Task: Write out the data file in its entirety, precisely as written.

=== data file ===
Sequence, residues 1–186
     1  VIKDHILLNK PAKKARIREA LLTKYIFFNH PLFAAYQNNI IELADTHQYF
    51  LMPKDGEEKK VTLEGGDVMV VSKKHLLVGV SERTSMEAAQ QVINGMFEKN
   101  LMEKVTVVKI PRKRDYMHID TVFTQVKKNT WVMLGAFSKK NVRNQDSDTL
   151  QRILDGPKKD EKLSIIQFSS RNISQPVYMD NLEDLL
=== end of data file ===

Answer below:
Sequence, residues 1–186
     1  VIKDHILLNK PAKKARIREA LLTKYIFFNH PLFAAYQNNI IELADTHQYF
    51  LMPKDGEEKK VTLEGGDVMV VSKKHLLVGV SERTSMEAAQ QVINGMFEKN
   101  LMEKVTVVKI PRKRDYMHID TVFTQVKKNT WVMLGAFSKK NVRNQDSDTL
   151  QRILDGPKKD EKLSIIQFSS RNISQPVYMD NLEDLL